It is also about dynamics. If you try to make everything sound as heavy as possible from song´s start until the end, the goal is to make a song that is a 10 song, if you keep it the same all the way, it might end up being a 6, because there are no dynamics, there is no silence, no balance on the sound. When we write, we really want to lean on that dynamic range, and we are always thinking about how it would translate to the stage. It’s a lot more exciting when the heavy part happens if its being balanced by something a little bit softer.
Also, we try to put some surprises in there. We wrote longer songs, I think it´s actually easier in a way because you’ve got so much more time to set it up. It’s like setting up a joke for a comedian, if you’ve got time to build up the punchline, it’s a lot funnier than having it in just two lines. By contrast, I think when we were making shorter songs, which again, we love making the shorter ones as well. I think there’s a lot more music to compete with in that space, so we always try and find to do something subversive to do with the structure, the arrangement or the basic idea. It’s either just do something that’s been done before in an interesting way or come up with something that hopefully no one has tried before. We’re always on the lookout for ideas that inspire us to try that stuff.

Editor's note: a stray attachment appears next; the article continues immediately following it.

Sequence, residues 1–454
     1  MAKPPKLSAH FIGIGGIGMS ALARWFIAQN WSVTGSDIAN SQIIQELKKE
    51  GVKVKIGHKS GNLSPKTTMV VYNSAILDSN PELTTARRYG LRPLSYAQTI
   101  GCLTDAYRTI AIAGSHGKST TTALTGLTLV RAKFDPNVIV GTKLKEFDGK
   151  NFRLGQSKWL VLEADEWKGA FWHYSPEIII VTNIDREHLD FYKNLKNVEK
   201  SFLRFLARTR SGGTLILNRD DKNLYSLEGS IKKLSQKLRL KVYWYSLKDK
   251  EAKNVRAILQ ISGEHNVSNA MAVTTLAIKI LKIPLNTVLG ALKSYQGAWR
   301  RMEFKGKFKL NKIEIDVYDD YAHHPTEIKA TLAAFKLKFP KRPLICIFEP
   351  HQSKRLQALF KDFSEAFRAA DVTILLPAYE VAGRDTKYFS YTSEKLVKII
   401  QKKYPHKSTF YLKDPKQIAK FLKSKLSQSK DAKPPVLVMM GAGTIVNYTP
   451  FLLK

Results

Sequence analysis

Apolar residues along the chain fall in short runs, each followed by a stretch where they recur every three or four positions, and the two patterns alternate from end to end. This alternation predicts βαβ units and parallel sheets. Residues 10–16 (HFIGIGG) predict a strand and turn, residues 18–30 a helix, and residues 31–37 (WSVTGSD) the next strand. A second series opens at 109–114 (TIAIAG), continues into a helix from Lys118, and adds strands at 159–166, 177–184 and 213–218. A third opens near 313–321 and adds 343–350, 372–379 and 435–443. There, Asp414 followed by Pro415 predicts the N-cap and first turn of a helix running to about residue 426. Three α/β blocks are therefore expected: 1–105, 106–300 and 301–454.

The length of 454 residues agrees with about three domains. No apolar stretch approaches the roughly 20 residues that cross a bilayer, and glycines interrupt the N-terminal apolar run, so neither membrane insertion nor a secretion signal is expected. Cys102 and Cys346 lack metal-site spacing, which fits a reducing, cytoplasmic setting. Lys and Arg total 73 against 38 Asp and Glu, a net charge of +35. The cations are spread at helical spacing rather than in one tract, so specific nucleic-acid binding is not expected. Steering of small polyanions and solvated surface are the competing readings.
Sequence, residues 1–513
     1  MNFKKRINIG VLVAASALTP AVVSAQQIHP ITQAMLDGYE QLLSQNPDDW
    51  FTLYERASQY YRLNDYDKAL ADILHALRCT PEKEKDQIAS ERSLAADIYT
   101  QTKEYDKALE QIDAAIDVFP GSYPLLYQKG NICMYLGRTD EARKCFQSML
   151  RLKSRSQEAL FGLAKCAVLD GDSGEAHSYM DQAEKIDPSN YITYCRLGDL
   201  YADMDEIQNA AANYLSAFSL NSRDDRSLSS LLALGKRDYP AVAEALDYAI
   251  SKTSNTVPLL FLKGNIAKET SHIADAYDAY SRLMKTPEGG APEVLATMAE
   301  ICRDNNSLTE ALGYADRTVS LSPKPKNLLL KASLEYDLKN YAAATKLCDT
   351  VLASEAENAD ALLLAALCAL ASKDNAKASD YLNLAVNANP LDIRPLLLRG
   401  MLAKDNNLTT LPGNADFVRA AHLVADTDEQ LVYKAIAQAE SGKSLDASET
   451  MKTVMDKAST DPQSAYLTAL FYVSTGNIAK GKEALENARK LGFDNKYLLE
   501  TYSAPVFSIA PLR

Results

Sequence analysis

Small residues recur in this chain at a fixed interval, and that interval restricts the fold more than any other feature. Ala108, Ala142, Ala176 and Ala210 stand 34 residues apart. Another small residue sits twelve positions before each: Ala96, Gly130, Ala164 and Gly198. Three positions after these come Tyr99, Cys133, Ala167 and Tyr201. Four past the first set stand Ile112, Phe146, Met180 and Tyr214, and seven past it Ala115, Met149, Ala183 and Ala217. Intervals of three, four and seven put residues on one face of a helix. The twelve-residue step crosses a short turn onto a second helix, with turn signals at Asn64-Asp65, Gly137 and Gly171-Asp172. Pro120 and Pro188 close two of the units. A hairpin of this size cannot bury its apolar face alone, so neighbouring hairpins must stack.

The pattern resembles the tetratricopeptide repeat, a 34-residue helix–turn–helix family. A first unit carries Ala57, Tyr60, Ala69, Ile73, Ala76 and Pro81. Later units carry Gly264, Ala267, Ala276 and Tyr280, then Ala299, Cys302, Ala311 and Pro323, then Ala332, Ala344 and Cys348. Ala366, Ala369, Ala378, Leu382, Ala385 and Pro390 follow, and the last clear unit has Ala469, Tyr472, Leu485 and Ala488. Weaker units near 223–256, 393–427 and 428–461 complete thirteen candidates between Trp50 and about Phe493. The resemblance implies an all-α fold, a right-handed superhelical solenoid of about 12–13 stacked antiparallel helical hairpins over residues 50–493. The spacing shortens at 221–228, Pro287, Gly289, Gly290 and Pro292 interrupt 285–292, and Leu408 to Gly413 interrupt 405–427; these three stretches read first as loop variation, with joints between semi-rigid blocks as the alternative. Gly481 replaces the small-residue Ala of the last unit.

Speaking of the shorter and longer songs, some of them ranges from just two minutes to even more than 10 minutes. How do you guys determine the length of the songs?